Samuel G. Kerns, coach-maker, P. O. Chalfont, is a grandson of John Adam and Catherine (Shaffer) Kerns. They had five sons and one daughter. Samuel, their youngest child, married Catherine Geiger, of Montgomery county, Pa., to whom two sons and two daughters M^ere born, our subject, Samuel G., being the youngest son and third child. The ancestors came from Holland. Samuel G. received a common-school education, and at the age of 18 years learned the coachbuilding trade, serving an apprenticeship of three years and following his trade in this and many Western states. In 1859 he came to the East and in 1863 was married to Elmira, daughter of John and Elizabeth Eckhart, of Newville, this county. Three children were born to them: Franklin P., Willard Van (deceased) and Oliver E. Both sons are at home with their father. Since 1863 Mr. Kerns has been located at his present place of business. He manufactures and repairs all kinds of heavy and light wagons, etc. In 1862 he volunteered as a private in the Union army and for fourteen months was exposed to the dangers of war. He was engaged in the battle of Chancellorsville and at Gettysburg. Being wounded he was honorably discharged from duty. Mr. Kerns is a Lutheran and a democrat.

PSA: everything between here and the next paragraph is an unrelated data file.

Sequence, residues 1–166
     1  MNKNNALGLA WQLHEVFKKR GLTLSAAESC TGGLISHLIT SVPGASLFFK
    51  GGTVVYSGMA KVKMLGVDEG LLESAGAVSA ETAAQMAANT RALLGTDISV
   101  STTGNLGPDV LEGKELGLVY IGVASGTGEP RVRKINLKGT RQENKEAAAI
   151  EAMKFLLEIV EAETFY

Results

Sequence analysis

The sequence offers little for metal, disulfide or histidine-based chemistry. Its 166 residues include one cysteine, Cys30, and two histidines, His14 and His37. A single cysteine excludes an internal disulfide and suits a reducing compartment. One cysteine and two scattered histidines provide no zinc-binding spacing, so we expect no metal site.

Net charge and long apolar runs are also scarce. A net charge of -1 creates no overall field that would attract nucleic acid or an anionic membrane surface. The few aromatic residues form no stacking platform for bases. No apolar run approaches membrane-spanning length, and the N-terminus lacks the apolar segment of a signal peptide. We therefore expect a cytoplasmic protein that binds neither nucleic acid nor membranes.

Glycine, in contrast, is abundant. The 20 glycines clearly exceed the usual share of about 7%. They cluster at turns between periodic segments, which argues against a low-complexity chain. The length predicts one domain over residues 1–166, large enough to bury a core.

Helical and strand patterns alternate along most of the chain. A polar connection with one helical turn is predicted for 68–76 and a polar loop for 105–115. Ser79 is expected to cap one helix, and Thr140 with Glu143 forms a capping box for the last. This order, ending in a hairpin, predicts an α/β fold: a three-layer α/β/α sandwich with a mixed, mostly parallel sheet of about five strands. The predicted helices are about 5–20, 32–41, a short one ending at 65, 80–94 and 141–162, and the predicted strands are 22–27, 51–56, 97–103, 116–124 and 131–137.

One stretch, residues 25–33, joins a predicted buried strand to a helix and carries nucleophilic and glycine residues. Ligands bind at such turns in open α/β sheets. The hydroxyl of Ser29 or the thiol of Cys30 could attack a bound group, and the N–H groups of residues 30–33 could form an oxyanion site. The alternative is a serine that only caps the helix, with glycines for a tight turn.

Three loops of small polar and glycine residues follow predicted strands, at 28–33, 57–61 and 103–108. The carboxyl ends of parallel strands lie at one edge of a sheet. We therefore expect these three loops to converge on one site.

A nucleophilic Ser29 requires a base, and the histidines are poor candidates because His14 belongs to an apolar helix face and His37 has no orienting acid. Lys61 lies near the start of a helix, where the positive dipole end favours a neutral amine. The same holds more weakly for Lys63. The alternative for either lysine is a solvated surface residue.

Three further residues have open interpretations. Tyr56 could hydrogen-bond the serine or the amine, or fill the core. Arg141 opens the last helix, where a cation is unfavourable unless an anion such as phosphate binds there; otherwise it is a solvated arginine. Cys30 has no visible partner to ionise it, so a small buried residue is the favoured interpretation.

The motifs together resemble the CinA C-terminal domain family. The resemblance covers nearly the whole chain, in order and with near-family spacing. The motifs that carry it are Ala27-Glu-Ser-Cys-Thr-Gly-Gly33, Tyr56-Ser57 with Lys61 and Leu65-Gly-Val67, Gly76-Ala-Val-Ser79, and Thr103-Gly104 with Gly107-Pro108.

Zachariah Leidy, real estate agent, P. O. Chalfont, was born in Montgomery county in 1814. His great-grandfather came from Germany! Jacob, the son of this early settler, was married to a Miss Sclioll, and had five sons and four daughters. John, the oldest son and child, was married to Mary Groff. Zachariah is the youngest of their four children. His mother died when he was only four months old. Later his father was married to the widow of Jacob Gerliart. Two daughters wer6 the result of this marriage. Our subject was married in 1835 to Catherine A., daughter of Philip Gable, of Montgomery county, to whom five children were born : Isaiah, Jeremiah, Mary, Amanda and Emma. Amanda, now Mrs. Doughty, of Hartsville, Bucks county, is their only surviving child. Being the youngest son, our subject was sent away from home at the age of 7 years. When 18 years old he learned the tanner's trade and started in business for himself. His tannery was located in Hilltown township. Being of an enterprising disposition, he was soon engaged in a lucrative business, which he carried on for fifteen years. He erected several dwelling-houses near his own and built up a town which now bears his name. He also erected a temperance hotel which he kept in connection with a general store. In 1863 he removed to Chalfont, then Whitehallville, and engaged in the real estate business. He is a director of the "Whitehall Fire Insurance and Chalfont Storm Insurance companies, and in the year 1886 insured property to the amount of $200,000. When 16 years old, he joined the church and at the age of 22 was elected deacon. In the year 1853 he with several other members erected the present Leidytown Presbyterian church, in which he was an elder for about twenty-two years. About ten years ago he was instrumental in building the Presbyterian church at Chalfont, a branch of the Leidytown church. He gave the ground on which the above-mentioned church is built and has always rendered financial support in time of need. He is a republican, and the prohibition cause has in him a sincere advocate.